The spring of 1970 was a time of great turmoil in our country. The Vietnam War was raging; many college campuses were filled with violent protests; and the civil rights movement resulted in tension as states, counties and cities prepared to desegregate their schools for the first time.
I was a 12-year-old seventh-grader at Laura Jones Junior High when all the boys received an invitation to attend a spring football practice at R.L. Norris High School, where we would attend school the next year.
In McDuffie County's desegregation plan, Norris would house grades seven through nine, and we would be coached by Calvin Sampson.
Coach Sampson had a great record of success as coach of the Norris Rams but had agreed to coach the eighth- and ninth-grade team in the fall of 1970.
I'll never forget loading a bus from Laura Jones to go to Norris on that first day of practice. At least 50 of us must have been crowded onto that bus, and we were filled with apprehension as we traveled for the first time to the all-black Norris High School.
We had no idea what to expect because few of us had ever been around any black kids, other than the few who attended the previously all-white schools under the Freedom of Choice Program. Our bus pulled to a stop in front of the Norris gym as school was getting out, and immediately a large man entered our bus and said, "I'm coach Sampson. Welcome to R.L. Norris, guys; come on in." We followed coach Sampson in and were issued equipment. We began a month of spring practice, and thanks to him, I can't ever remember feeling uncomfortable or unwelcome. He molded us into a very good team that finished 9-1, losing our last game in a heartbreaker to Tutt Junior High, 12-8.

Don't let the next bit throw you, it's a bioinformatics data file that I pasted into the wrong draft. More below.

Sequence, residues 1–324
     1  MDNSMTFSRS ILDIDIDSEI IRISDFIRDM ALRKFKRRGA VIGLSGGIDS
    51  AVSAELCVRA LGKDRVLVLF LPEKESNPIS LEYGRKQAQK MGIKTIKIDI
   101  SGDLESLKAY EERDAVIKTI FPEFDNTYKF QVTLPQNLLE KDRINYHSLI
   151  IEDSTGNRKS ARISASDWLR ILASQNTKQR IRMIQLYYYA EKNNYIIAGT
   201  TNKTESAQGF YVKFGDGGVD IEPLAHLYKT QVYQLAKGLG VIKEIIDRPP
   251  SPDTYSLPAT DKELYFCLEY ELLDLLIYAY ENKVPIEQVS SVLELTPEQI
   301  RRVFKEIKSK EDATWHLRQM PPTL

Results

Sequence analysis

Coach Sampson never thought of us as black or white, only as his players. He treated all of us the same. He was tough, hard-nosed and fair. He made the process of school integration much easier in McDuffie County than it was in most places.
In my 26 years of coaching, I tried to be like coach Sampson: tough, hard-nosed and fair. In fact, I used a chant of his the entire time I coached at Thomson High as we would prepare to enter the second half of games. "We're gonna fight till we can't fight no more. When we can't fight no more, we're gonna lay down, bleed a while, get up and fight some more. One for all, all for one, all for the Dogs (Rams) and Thomson (Norris) High."
While teaching this period in my U.S. history classes, I would cite my own experiences of school integration and always credit coach Sampson with making that adjustment, for me and countless others, easier.
You see, I've been doubly blessed. I can not only count myself a Thomson High Bulldog, but thanks to Calvin Sampson I'm an R.L. Norris Ram.
John Barnett has played, observed and coached Thomson athletics for 45 years. Contact him at B122792@comcast.net.